Kay Cornelius is an experienced author who has learned her craft writing inspirational novels. Her first historical romance shows that she has learned very well. In Twin Willows she has written an exciting and engaging tale with a neat twist. We get not one but two touching and delightful romances, an engrossing plot, and a well-drawn portrayal of America at the end of the Revolution.
In a Delaware village in 1764 a lovely Indian woman, Silverwillow, is in labor. Her husband, as is the custom of her people, has been sent away. Her attendants are her foster mother, Bear's Daughter, and a friend. The labor is hard for Silverwillow bears twin girls and dies as a result. Bear's Daughter, in her grief, decides to keep one of the children from Silverwillow's white husband, Ian McKnight, to replace the daughter she has lost.
Seventeen years later, Anna Willow McKnight is a student at Miss Martin's School for Young Ladies in Philadelphia. The schoolmistress accepted this unusual pupil at the insistence of her nephew Stuart, who had served with Col. McKnight in the war. She is not particularly happy about educating a half-breed, and the other girls mostly treat Anna with disdain.
The only friendly face Anna sees is Stuart, who occasionally teaches Latin to the girls, during his breaks from his studies at Princeton. Anna and Stuart develop first a friendship and then something else again, but must keep their affection for each other secret from the disapproving Miss Martin. When Anna finishes her studies, she must
leave Philadelphia and Stuart. She returns first to her cousins' home in Bedford, but, unwelcome there, makes her way to her father in the far frontier of Kentucky, where her destiny will become surprisingly entwined with the twin she never knew she had.
This sister, called Willow, resides in a Shawnee village with the woman she believes is her mother. Like Anna, Willow looks different from those she lives with, but the Shawnee are much more tolerant of this distinctiveness. Indeed, the warrior Otter is seeking Willow in marriage, a marriage she does not welcome. To avoid Otter's suit,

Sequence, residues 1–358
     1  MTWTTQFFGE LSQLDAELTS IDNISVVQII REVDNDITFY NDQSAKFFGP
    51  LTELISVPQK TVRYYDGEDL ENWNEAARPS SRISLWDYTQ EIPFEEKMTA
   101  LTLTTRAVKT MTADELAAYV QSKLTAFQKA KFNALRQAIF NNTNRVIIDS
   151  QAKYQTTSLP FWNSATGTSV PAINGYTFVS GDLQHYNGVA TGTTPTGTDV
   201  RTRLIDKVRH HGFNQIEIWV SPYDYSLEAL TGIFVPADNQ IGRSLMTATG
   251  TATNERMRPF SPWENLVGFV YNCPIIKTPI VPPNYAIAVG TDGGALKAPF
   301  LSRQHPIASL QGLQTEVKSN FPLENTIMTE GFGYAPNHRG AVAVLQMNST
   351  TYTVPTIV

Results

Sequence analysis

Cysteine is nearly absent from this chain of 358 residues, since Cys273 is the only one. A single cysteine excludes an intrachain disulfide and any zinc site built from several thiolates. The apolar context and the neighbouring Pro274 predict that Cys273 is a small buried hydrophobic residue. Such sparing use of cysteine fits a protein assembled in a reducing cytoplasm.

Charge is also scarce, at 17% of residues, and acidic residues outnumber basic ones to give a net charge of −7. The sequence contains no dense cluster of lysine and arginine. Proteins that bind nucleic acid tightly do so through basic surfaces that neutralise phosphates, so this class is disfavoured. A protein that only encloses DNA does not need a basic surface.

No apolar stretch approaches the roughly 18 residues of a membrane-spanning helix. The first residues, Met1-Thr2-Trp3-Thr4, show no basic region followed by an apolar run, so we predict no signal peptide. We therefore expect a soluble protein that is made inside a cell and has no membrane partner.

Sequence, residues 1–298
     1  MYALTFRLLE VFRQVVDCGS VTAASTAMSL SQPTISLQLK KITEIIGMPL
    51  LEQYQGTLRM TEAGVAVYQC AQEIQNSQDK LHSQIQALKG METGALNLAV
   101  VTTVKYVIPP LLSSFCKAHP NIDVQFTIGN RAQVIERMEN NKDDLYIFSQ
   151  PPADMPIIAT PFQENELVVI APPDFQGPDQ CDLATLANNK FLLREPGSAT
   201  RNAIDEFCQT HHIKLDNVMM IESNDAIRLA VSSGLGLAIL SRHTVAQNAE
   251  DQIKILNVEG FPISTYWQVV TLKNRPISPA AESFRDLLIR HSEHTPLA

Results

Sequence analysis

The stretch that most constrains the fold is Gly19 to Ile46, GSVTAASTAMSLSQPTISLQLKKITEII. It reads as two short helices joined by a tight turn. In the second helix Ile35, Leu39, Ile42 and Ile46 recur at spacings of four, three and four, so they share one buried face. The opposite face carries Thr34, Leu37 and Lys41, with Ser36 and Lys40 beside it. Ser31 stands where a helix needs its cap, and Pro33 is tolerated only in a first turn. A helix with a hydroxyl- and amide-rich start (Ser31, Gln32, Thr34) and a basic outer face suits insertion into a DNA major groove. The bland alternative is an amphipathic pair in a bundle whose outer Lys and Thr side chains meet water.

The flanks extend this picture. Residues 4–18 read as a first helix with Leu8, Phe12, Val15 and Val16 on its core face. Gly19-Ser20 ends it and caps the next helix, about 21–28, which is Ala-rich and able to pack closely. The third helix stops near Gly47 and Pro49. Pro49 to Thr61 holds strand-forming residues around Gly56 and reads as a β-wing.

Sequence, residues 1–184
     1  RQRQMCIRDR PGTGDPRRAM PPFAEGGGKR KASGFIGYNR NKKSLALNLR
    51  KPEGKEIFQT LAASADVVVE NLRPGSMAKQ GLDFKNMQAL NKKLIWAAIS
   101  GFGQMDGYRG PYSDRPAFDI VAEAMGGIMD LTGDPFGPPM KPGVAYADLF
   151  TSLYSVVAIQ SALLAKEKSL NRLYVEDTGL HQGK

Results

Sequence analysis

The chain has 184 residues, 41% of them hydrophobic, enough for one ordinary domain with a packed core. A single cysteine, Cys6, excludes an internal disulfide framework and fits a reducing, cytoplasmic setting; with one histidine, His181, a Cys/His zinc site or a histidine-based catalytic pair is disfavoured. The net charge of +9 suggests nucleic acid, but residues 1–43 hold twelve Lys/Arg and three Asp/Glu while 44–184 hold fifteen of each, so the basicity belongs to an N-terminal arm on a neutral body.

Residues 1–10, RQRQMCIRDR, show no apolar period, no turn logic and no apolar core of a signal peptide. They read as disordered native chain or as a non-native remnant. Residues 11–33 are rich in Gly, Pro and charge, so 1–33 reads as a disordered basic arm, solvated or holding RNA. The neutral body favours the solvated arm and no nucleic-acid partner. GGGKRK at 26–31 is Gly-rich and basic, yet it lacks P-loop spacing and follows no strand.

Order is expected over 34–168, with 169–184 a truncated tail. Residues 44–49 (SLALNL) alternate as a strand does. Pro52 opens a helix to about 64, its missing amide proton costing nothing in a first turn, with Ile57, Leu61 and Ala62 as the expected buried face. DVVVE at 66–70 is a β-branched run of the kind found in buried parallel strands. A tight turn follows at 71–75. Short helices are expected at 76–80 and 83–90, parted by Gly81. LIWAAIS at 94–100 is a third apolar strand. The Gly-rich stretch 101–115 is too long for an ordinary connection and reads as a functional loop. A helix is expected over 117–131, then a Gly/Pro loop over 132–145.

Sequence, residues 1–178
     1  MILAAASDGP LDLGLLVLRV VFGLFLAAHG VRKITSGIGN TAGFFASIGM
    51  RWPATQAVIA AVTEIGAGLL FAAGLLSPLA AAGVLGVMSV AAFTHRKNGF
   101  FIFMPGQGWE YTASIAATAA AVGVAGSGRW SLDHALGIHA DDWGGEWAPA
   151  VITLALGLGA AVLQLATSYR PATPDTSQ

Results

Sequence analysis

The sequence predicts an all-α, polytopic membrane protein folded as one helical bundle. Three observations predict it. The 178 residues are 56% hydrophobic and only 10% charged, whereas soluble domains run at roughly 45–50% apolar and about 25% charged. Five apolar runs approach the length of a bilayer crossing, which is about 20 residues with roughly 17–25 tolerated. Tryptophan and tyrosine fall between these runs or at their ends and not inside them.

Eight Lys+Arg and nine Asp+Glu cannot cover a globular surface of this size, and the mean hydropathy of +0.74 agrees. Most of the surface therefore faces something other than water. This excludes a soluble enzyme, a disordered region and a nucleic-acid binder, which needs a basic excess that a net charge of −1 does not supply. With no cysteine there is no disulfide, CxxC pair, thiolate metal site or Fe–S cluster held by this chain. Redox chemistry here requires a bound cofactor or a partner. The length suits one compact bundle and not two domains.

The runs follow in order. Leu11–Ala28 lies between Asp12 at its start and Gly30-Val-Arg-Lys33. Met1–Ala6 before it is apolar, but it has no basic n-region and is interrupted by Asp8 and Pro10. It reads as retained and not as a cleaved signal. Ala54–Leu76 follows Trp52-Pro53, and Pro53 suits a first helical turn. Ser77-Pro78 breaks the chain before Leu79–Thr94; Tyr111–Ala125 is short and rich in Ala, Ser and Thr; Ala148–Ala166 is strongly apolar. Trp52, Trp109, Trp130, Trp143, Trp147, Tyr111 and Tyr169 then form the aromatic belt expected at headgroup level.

Willow and Bear's Daughter leave the Shawnee village, a journey that will lead Willow to find love in the person of a Shawnee brave, White Eagle.
To be frank, the plot does not lend itself to a simple synopsis. Not that it is overly complex, but rather it is richly textured and cleverly drawn. Cornelius interweaves the stories of the two sisters until, at the end, she brings them and those they love together in a most satisfying fashion.
Between the meetings of the two pairs of lovers and the most satisfying conclusion, there are adventures aplenty: a journey by horseback across the Allegheny mountains, flatboat journeys down the Ohio, Indian attacks, kidnappings, rescues. Cornelius provides as well a fine depiction of the culture of the Shawnee and Delaware as they face the ever increasing threat of white settlement. She likewise describes the dangers and hardships those hardy pioneers who opened up the first frontier.
Readers who prefer stories that concentrate, almost to the exclusion of everything else, on the romance may find Twin Willows less satisfactory than I did. The heroes and heroines are often separated by events in this novel. Nobody enjoys an intense romance more than I do. But I also enjoy well told stories with well drawn characters who pit themselves against dangers and difficulties on their way to their happily ever after.
Recently, there has been a long and interesting thread on one of the romance lists about the "sameness" in so many romances these days. Cornelius has dared to be different. No tortured heroes, no tormented heroines, no big misunderstandings. Just four attractive people who face great challenges and prevail.
This one may well go on my keeper shelf. Any book that can keep me reading while the Super Bowl is on (of course, the Steelers weren't playing) must be pretty compelling. If you are looking for something just a little bit distinctive, try Twin Willows. You just might like it as much as I did.